Purim in the Community
Jewish communities around the world celebrate Purim as a holiday of feasting and gladness, gift-giving and tzedakah (charity), revelry and imbibing. It is one of the most popular Jewish holidays for families and children. The celebration of Purim is based on the story found in the biblical Book of Esther. A tractate of the Mishnah (and hence the Talmud) is devoted to it as well. Purim is a time when Jewish communities, like the community in the Book of Esther, become particularly aware of the fragility and even the danger of living in the Diaspora, as a people "scattered abroad and dispersed among the peoples" (Esther 3:8).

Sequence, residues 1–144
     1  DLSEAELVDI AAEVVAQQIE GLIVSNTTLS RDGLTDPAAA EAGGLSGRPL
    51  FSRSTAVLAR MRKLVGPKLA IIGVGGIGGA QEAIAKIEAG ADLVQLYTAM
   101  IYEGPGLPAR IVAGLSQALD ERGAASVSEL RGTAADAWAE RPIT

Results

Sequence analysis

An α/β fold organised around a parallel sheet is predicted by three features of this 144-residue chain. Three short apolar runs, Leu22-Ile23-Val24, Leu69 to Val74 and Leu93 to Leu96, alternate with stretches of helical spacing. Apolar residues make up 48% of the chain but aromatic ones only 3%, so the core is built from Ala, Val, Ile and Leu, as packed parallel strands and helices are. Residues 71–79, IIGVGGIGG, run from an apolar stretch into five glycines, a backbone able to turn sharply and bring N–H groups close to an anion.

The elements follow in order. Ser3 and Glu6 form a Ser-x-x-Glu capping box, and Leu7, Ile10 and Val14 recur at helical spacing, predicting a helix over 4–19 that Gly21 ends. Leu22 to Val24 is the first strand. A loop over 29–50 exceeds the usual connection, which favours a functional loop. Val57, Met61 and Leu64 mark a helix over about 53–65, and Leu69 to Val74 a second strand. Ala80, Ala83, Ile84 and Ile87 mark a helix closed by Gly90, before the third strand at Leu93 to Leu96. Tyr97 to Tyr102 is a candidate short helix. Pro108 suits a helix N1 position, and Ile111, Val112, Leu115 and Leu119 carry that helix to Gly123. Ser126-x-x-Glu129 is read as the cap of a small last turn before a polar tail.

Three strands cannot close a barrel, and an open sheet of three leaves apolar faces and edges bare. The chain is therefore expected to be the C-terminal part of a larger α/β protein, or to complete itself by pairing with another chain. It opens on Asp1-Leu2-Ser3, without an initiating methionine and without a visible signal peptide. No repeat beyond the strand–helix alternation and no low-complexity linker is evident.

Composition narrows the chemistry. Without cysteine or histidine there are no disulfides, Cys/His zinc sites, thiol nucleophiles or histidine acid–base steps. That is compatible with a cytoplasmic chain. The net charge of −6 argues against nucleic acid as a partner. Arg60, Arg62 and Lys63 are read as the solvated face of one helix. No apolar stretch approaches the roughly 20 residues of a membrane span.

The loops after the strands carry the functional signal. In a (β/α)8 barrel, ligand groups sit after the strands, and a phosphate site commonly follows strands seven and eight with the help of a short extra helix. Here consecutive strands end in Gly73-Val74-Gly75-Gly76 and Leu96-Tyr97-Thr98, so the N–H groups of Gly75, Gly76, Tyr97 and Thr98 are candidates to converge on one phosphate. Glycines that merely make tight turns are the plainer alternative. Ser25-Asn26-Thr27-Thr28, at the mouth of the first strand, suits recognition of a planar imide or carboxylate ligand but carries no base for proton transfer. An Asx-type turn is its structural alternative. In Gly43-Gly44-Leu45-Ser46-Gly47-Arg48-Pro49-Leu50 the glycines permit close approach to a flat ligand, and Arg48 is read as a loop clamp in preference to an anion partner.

The primary communal observance connected to Purim is the mitzvah (commandment) of reading the Book of Esther, called the Megillah (the scroll). It is supposed to be read in the synagogue with a minyan (quorum) present. The scroll is read twice, once in the evening after the Amidah (silent prayer) of Ma'ariv (the evening service) and once after the Torah service during Shaharit (the morning service). The Megillah is in the form of a parchment scroll, handwritten like a Torah. The Book of Esther has a special cantillation used only for that book, and the reading is preceded by three blessings.